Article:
black-belts

See Select Black Belt Essays below!

Congratulations to those that “finished what they started”….

Introducing the Federation’s active BLACK BELTS in good standing:

Seventh Degree Black Belt, and Head Instructor:
Grandmaster Duane Pitcher

Fifth Degree Black Belts, and Master Instructors:
Master T.J. Norton, Master Valerie Watson

Fourth Degree Black Belts and Master Instructors:
Master Mike Pitcher
Master Justin Lane
Master Justin Montoya
Master Mike Currie

Third Degree Black Belts: (“Kyo Sa” denotes “certified instructor”)
Kyo Sa Christie Pitcher
Amanda
Ayushi Chowdhury
Shria Chowdhury
Shriti Chowdhury
Kyo Sa Joe Kucharski
Annette Hattley
Lauren Hattley
Michael Miney

Second Degree Black Belts: (“Kyo Sa” denotes “certified instructor”)
Rani Dhiman
Kyo Sa Eric Markarian
Edward Markarian
Kyo Sa Heather Clegg
Kyo Sa David Proefke 
Kyo Sa Bruce Rabey
Aaron Pitcher
Kyo Sa Amy Schuerman
Kyo Sa Dennis Lewinski
Darian Pitcher
Harish Jaisankar
Emyli Bell
Luke Szczembara
Zarek von Oetinger
Ryo Encinares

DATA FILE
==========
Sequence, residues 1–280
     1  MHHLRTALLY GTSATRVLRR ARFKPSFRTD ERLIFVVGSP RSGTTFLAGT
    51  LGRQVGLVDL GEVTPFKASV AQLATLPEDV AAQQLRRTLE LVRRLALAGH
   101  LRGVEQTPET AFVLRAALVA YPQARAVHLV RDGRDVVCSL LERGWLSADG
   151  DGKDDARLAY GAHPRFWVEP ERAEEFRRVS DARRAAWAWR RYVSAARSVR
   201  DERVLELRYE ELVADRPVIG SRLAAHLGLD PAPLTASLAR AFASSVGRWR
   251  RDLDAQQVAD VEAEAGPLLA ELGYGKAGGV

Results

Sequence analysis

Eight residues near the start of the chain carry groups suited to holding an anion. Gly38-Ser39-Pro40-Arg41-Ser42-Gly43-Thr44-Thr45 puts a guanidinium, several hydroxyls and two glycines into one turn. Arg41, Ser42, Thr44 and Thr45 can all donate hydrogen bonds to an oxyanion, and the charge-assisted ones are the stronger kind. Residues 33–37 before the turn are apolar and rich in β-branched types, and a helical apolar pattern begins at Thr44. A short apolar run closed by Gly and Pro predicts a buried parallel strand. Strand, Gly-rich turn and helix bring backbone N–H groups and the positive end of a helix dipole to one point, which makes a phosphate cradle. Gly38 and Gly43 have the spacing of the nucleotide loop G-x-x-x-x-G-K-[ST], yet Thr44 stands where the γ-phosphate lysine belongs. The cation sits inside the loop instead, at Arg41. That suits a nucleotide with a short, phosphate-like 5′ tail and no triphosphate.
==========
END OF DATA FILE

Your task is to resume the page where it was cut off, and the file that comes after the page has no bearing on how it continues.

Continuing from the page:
First Degree Black Belts:
Samuel Bell
Alayna Bilicki
Philip Cowan
Isaac Gregg
Mike Gregg
Koyuki Tatar
Chris Basurto 
Kevin Grossman
Shawnn Stackable
Kaeden Arcand
Joey Grossman
Roman Hitchcock
Savana Mullen
Thaddeus Pawlowski

Inactive in good standing – Moved, College, Military, No longer training with us:
Erik Aitken
Shane Allen
Devin Ames
Paula Ames
Zachary Averbach
Karolina Balciunaite
Ron Barlow
Nick Bell
Travis Bell
Jett Bigger
Lyric Bigger
Samantha Bilicki

Kyo Sa Nico Bonadeo
Aiden Bressler
Garrett Bressler
Brooklyn Brown
Jessica Bullion
Aaron Burkey
Renee Burkey
A.M. Caballero
Anna Cafeo

Johnny Cafeo
Kevin Callaghan
Nolan Case
Brittany Cassatt
Kyo Sa Kevin Chambo
Robert Chambo
Austin Charest
Keaton Clegg
Ryan Cole
Megan Coleman
Aidan Conway
Chris Conway

Tyler Cooley
Scott Croitori
Brycen Cummings
Michael D’Antonio
Anderson Dawe
Rhea Diaz
Warren DiCicco
Dominic Dobbins
Angela D’Orazio
Gino D’Orazio
Colby Dummer
Kyo Sa Eric Dummer
Aprill Ebejer
Alyssa Ebejer
Matthew Everingham
Dominic Faris
John Faris
Devin Finneran
Dan Gardner
C.J. Garrick
Tommy Gerrish
AJ Gorospe
Cynric Gorospe
Jb Gorospe

Kyo Sa Barry Green
David Green
James Green
Kathy Green
Prerana Gunda
Mason Halseth
Zahid Hasan
Ashley Heidemann
Danielle Heidemann